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AGM-64 Hornet

overscan (PaulMM)

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http://en.wikipedia.org/wiki/AGM-64_Hornet

The AGM-64 Hornet is a missile produced by the United States of America.

The weapon began life in the early 1960s. North American produced a missile design for the U.S. Air Force's Anti-Tank Guided Aircraft Rocket (ATGAR) project. The ATGAR was ultimately not produced, but the Air Force was impressed enough that in 1963 it awarded North American a development contract for the ZAGM-64A Hornet missile. The Hornet planned as a battlefield missile for use against armoured vehicles which would mount an electro-optical guidance system.

The first test firing of the prototype XAGM-64A occurred in December 1964. It was powered by a fast-burning solid rocket motor. The electro-optical guidance system provided a live TV image to the cockpit; the operator would lock the missile onto the desired target before launch and the missile would home in on it automatically.

The Air Force ultimately stopped development of the AGM-64, judging that the similar AGM-65 Maverick had more potential. Although not produced as a weapon, the Hornet became a testbed for various guidance systems including different varieties of electro-optical systems and a magnetic guidance system. The program was terminated in 1968.

The XAGM-64 was briefly revived in the early 1970s, again to test missile guidance systems. The propulsion system of the missile was upgraded, increasing the range to as much as 2.5 miles (4 km). In this configuration the Hornet tested laser guidance packages, the electro-optical system designed for the GBU-8/B and GBU-9/B Homing Bomb System (HOBOS) glide bombs and the terminal guidance system for the AGM-114 Hellfire anti-tank missile.
 

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pathology_doc

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Difficult to tell exactly how large it is, but it brings to mind a vision of a Hughes Falcon with an E/O seeker jammed into its nose.


Oh well. It may not have seen combat, but given the number of systems it was a test-bed for, it could be said that it served its nation well. I wonder where it fell down.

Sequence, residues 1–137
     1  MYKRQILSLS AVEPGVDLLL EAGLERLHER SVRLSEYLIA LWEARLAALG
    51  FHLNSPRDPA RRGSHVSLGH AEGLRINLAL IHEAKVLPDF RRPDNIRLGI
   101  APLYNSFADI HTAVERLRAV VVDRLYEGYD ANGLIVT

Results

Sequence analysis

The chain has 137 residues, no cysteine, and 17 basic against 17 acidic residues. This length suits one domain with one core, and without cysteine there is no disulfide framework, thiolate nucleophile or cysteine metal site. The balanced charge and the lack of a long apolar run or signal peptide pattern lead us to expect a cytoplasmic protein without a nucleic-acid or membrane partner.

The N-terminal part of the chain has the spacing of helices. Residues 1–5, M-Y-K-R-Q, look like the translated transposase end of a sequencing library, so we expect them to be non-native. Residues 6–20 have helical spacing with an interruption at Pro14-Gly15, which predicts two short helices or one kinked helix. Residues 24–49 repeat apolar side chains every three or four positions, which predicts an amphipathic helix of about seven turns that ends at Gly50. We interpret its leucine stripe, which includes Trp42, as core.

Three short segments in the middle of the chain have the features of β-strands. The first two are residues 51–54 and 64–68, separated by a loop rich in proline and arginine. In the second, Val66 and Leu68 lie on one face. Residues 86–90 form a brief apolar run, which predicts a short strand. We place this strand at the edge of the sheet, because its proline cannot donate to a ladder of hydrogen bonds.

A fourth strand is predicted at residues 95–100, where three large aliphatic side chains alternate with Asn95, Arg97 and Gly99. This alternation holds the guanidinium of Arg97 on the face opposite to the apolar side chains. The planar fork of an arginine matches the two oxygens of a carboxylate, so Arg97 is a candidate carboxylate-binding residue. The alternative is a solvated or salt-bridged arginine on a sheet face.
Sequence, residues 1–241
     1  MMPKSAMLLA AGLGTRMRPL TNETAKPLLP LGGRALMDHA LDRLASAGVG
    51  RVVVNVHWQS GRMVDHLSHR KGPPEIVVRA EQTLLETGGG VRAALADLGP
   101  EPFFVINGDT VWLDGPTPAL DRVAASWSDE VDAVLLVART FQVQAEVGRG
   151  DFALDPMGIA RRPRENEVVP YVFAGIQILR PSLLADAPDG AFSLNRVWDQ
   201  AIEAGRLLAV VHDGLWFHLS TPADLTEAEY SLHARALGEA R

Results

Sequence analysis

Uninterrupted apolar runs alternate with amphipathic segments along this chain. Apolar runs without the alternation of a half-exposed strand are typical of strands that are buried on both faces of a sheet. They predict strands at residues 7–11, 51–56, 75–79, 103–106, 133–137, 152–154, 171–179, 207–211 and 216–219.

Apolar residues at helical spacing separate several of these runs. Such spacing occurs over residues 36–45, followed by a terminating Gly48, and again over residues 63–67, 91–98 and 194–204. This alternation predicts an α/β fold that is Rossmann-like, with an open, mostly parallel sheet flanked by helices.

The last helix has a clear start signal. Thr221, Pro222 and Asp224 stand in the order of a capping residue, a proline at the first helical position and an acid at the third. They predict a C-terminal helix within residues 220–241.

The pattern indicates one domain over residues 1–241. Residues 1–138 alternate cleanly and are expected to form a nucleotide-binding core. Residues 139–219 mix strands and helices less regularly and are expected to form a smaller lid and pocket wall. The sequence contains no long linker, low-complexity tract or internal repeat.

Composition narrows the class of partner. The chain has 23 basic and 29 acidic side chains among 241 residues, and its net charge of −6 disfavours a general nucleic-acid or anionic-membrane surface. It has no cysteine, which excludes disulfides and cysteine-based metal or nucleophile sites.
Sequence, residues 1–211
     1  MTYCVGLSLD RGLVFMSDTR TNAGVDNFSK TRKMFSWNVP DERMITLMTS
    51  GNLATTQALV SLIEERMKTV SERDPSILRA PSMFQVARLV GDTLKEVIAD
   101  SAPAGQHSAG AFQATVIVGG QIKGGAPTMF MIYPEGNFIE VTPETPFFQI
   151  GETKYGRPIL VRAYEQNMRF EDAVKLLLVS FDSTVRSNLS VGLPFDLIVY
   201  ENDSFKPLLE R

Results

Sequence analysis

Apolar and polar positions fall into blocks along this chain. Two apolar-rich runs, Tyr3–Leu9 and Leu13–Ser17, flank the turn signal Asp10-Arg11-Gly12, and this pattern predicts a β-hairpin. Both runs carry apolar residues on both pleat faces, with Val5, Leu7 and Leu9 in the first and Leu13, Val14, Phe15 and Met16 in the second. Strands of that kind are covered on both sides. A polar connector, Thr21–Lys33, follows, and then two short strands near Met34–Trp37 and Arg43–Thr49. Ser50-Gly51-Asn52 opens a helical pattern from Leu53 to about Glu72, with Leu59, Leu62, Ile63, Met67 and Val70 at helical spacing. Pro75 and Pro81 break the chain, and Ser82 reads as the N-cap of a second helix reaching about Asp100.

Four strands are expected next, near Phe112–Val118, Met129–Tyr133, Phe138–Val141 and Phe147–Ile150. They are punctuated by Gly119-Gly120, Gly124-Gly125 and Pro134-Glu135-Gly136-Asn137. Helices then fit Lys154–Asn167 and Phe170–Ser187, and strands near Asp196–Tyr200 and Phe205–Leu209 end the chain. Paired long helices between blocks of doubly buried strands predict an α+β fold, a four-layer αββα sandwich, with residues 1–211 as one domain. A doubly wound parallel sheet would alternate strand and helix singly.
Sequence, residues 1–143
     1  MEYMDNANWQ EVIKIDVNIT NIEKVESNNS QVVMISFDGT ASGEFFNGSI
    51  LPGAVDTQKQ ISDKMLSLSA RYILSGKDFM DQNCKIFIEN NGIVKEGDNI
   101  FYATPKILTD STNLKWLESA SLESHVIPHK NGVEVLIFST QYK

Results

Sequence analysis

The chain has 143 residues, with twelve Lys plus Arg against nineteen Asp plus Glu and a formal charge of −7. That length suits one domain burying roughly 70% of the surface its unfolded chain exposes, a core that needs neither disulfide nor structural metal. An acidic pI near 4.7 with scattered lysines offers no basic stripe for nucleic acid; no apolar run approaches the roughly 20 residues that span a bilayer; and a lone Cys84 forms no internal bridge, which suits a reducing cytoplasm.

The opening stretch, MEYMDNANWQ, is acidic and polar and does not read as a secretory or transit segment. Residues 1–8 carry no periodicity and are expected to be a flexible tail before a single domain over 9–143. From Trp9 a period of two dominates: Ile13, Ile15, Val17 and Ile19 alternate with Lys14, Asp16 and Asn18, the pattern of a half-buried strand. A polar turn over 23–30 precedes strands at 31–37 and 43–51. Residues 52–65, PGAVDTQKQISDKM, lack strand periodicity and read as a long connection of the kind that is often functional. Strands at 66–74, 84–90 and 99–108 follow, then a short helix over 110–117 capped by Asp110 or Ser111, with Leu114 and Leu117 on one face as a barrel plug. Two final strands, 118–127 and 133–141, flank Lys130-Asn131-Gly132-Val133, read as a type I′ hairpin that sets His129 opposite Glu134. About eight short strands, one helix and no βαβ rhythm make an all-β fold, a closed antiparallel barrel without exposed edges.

overscan (PaulMM)

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Its the ancestor of (North American) Rockwell AGM-114 Hellfire - clip the rear wings, and it becomes clearer.
 

pathology_doc

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PaulMM (Overscan) said:
Its the ancestor of (North American) Rockwell AGM-114 Hellfire - clip the rear wings, and it becomes clearer.


It does indeed. But fit forward triangular canards to that glossy B&W pic (the top one) and it's practically a clone of some AIM-4 models. :p (And hey, didn't the F-102's in the Vietnam theatre try firing heat-seeking AIM-4's at ground targets at one point, designated by the fighter's IR seeker? Compare that to IR Maverick and designation by FLIR. The fighter jocks arguably had the answer; they just didn't have sufficient resolution in either the on-board imaging or the in-missile guidance system to make it work.)
 

robunos

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pathology_doc said:
PaulMM (Overscan) said:
Its the ancestor of (North American) Rockwell AGM-114 Hellfire - clip the rear wings, and it becomes clearer.


It does indeed. But fit forward triangular canards to that glossy B&W pic (the top one) and it's practically a clone of some AIM-4 models...

I seem to remember reading, some years ago, sorry can't remember where, or by whom, might have been t Great Gunston, that in the early years of guided missile development, the aerodynamics were very much a 'black art', so when a configuration was found that worked, it was re-used as much as possible. Hence, why the Hughes missiles, Falcon, HAWK, Maverick, all look alike...

cheers,
Robin.
 

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Agreed, especially given just how much work they had to put into generating and testing all those configurations back then. Frankly, I'm a lot more intrigued by how similar the external profile of De Havilland's Red Top is to some iterations of the (admittedly substantially larger) Vickers Red Dean, right down to the fin profile. If you show just the silhouettes, with no identification, scale information or surface detail, it can be hard to tell between them. Sure, you can argue for convergent engineering evolution for similar purposes, but even so, they are freakishly close. Makes you wonder who from Vickers might have gone over to DH and taken their work with them.


IIRC you can see that same straight leading edge/swept trailing edge profile on the Seaslug SAM too. It seems to be something of which British missile aerodynamicists of the era were enamoured.
 

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